From World War I Document Archive
Revision as of 02:18, 4 July 2006 by Hirgen
American Industrialist famous for his work in mass production. Founded the Ford Motor Company in 1903. Ford challenged the powerful Association of Licensed Automobile Manufacturers, which held that all makers of gasoline powered automobiles needed to be licensed (and therefore owed portions of their profits) by the ALAM. Ford fought a six year court battle that finally overturned the validity of the famous "Seldon Patent" His victory changed the auto industry and made him a popular David (vs. Goliath) figure. Ford's Model T, which began production in 1908 and ended in 1927, was a significant catalyst for change in American industry and American culture.
Ford was a complex man. For announcing that he would pay his workers $5 a day (nearly twice the prevailing rate), he was hailed as a great humanitarian and branded a mad socialist. He favored an almost monarchist business philosophy, with himself in the role of benevelent but totally sovereign king. He embarked on construction projects to match his own personal view of how things ought to be. For all his fame and noteriety, Ford was at times surprisingly ignorant. One of his widely published dicta was that "history is more or less bunk."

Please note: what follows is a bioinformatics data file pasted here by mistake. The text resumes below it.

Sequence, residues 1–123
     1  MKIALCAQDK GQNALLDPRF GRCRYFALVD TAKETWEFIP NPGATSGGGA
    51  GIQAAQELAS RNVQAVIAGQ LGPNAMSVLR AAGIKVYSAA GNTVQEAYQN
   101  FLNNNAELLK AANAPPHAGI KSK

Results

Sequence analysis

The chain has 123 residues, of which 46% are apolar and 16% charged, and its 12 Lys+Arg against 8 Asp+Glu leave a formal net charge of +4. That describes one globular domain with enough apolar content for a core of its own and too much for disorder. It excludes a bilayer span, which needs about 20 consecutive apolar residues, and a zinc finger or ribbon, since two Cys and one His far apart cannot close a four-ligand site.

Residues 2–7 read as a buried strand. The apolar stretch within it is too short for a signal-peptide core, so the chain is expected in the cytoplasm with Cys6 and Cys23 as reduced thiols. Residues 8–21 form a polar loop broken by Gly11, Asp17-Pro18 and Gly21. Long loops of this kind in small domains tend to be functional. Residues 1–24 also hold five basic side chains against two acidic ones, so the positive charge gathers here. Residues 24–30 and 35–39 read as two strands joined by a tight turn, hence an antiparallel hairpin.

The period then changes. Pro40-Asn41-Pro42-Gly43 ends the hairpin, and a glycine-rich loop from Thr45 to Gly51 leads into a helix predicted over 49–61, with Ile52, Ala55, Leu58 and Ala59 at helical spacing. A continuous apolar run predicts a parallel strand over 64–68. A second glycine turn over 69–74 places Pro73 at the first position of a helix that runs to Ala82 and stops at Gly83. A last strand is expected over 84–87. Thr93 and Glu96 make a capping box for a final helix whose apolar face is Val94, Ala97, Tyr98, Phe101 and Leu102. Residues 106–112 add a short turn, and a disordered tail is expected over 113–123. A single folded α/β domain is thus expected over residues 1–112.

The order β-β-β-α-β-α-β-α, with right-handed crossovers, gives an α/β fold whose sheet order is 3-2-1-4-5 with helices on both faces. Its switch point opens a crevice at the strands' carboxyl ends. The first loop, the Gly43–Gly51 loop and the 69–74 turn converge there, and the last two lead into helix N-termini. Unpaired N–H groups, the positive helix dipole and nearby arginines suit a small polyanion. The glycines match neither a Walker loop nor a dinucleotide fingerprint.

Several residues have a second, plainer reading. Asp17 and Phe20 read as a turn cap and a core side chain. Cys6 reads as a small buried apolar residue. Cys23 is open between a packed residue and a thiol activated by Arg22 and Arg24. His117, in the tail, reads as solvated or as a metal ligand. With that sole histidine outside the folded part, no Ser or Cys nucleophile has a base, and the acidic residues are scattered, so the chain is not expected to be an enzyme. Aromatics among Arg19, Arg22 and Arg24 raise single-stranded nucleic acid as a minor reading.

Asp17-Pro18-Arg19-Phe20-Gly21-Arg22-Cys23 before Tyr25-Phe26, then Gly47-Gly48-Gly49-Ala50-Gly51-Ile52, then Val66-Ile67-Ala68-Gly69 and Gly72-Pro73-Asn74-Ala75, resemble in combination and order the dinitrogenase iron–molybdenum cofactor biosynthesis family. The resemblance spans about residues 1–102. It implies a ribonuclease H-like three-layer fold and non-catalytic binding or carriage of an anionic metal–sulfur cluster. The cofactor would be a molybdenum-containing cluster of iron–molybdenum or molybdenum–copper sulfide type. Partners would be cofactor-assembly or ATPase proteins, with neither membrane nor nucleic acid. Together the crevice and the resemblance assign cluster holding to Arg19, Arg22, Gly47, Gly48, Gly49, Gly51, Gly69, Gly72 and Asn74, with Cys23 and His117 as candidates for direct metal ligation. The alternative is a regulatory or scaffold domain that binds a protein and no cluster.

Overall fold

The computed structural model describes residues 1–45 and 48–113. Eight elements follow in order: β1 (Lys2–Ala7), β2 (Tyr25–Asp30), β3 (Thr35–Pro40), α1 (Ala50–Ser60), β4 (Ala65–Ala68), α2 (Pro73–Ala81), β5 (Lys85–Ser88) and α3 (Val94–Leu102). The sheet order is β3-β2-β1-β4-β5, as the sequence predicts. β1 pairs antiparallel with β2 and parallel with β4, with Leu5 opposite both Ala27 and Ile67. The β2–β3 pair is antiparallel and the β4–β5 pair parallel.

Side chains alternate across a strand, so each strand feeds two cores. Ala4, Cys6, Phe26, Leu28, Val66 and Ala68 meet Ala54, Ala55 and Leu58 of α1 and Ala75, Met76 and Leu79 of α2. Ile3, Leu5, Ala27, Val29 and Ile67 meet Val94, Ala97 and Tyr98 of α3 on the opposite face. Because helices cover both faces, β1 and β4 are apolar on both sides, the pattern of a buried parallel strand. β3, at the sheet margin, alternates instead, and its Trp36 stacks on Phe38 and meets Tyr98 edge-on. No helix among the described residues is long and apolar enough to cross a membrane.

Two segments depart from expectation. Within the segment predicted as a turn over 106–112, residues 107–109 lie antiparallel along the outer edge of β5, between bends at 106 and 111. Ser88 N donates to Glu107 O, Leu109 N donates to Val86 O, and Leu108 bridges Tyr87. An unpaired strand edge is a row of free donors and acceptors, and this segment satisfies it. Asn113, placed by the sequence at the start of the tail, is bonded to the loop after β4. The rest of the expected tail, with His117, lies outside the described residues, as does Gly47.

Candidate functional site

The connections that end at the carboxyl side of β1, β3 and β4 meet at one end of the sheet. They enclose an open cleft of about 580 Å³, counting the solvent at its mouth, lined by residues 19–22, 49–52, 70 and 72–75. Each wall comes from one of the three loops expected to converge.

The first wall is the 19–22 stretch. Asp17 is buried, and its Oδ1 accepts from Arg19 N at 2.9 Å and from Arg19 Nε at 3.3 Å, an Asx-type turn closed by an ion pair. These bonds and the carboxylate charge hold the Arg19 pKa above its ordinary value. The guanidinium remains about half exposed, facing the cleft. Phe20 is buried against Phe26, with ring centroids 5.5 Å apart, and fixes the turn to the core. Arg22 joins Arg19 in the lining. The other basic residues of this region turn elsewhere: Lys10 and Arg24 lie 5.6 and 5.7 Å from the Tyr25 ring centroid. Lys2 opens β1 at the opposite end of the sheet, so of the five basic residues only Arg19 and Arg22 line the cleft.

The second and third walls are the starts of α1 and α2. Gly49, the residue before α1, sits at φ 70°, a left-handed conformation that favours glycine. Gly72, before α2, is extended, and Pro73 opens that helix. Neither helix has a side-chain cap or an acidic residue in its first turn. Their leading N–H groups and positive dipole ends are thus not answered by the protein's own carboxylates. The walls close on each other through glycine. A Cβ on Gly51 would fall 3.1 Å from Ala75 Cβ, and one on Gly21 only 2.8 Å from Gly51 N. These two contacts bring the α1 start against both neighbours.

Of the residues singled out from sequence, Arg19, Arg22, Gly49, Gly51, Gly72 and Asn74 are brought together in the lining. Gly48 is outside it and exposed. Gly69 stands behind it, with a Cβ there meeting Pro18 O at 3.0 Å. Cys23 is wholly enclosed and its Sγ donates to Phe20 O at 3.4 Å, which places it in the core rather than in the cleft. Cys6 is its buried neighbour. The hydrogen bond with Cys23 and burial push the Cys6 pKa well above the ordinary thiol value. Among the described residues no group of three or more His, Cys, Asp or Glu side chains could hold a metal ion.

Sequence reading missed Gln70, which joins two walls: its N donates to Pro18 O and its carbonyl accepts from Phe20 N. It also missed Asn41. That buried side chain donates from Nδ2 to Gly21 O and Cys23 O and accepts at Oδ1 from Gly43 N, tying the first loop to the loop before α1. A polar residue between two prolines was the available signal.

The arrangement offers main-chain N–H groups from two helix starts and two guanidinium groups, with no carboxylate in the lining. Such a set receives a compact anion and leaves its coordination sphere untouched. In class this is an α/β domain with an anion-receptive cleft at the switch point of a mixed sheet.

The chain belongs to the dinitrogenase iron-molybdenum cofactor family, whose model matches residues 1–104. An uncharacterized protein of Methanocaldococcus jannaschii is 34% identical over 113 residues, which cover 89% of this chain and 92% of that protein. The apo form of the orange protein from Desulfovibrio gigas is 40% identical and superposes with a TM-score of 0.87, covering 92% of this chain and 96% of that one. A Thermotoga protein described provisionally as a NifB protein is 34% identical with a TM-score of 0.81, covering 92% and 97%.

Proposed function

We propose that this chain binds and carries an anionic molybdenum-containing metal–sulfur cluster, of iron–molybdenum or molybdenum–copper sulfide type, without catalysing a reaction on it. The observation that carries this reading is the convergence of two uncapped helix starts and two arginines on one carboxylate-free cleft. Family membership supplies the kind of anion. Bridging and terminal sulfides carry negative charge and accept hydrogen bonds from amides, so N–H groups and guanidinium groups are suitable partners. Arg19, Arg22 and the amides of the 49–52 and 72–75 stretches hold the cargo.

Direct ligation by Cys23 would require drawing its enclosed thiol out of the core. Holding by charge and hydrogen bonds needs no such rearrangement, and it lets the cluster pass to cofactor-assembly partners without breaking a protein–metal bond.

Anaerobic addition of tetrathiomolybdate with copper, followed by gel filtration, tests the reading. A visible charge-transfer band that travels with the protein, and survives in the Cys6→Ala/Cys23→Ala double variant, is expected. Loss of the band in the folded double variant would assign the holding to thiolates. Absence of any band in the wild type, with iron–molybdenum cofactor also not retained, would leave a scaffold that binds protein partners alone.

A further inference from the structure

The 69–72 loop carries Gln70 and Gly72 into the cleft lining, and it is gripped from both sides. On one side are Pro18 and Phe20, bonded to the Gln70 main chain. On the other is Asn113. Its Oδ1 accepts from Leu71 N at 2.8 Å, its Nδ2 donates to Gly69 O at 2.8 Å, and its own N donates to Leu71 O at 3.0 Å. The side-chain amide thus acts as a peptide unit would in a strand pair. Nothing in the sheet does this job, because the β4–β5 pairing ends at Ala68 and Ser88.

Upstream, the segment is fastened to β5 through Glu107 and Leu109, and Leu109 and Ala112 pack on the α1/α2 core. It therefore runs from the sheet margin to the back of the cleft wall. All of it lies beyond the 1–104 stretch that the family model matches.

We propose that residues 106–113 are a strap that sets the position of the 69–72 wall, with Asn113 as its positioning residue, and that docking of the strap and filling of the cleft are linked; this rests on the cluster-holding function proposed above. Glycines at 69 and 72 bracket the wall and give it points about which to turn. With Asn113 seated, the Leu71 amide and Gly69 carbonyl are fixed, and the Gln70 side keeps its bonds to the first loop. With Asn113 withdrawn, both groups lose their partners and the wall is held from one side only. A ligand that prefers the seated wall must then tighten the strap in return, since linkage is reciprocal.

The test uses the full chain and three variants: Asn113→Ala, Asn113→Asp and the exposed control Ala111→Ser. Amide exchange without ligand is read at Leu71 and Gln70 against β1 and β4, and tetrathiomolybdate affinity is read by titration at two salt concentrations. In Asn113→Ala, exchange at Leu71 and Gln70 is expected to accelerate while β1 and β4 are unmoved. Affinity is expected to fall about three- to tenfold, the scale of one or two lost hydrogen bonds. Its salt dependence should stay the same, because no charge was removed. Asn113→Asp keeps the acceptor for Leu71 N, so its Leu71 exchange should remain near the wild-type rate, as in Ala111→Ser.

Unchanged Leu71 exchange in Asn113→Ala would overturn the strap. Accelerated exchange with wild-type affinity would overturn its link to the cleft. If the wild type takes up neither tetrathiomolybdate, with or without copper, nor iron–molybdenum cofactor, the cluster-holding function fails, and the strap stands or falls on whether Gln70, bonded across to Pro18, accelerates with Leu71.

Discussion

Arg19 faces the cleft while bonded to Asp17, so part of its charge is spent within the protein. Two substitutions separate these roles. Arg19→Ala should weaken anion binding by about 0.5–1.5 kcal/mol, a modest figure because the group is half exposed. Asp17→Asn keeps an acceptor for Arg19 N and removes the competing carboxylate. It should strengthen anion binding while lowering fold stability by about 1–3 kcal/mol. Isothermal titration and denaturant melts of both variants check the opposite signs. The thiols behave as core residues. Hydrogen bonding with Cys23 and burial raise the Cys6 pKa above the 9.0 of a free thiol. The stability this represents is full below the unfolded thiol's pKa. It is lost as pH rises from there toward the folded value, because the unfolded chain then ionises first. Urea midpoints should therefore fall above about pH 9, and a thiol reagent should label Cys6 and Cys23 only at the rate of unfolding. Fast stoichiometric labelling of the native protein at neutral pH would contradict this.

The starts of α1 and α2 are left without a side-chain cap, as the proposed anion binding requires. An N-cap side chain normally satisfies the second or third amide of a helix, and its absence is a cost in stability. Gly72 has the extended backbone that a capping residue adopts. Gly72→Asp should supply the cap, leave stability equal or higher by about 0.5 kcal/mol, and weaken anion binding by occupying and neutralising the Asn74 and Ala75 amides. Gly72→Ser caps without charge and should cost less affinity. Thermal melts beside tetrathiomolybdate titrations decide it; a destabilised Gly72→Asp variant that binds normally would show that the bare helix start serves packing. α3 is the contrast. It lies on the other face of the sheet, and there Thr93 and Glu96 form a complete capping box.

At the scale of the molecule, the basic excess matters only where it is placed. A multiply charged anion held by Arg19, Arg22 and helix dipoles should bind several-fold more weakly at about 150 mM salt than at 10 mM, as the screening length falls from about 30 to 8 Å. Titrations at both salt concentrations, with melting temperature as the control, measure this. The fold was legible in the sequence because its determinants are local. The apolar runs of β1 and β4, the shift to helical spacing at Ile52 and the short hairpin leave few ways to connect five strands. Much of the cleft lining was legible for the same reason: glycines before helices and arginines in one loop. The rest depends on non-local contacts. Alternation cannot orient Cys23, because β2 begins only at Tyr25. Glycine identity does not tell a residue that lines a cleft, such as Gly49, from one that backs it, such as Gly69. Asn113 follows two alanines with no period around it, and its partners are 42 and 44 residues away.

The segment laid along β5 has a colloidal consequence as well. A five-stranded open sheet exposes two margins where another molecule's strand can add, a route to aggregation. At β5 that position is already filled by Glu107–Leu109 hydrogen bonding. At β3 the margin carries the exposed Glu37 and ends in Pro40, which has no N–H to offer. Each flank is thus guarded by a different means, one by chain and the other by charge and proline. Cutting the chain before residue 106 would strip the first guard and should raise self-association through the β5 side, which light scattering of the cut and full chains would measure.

Ford opposed the United States' entry into the Great War. One of his most publicized acts was in November 1915. He chartering a ship to take himself and a party of pacifists to Europe in an attempt to end the conflict by means of "continuous mediation." His so-called Peace Ship was widely ridiculed.
In 1918, Ford purchased a newspaper, The Dearborn Independent , in which he published as series of attacks on the "International Jew," a mythical figure which he blamed for financing the Great War. Henry's only child, Edsel, took over as president of Ford Motor company in December 1918. Ford made an unsuccessful bid for a U.S. Senate seat in 1918. After the war, Henry remained an active industrial, political and social figure.
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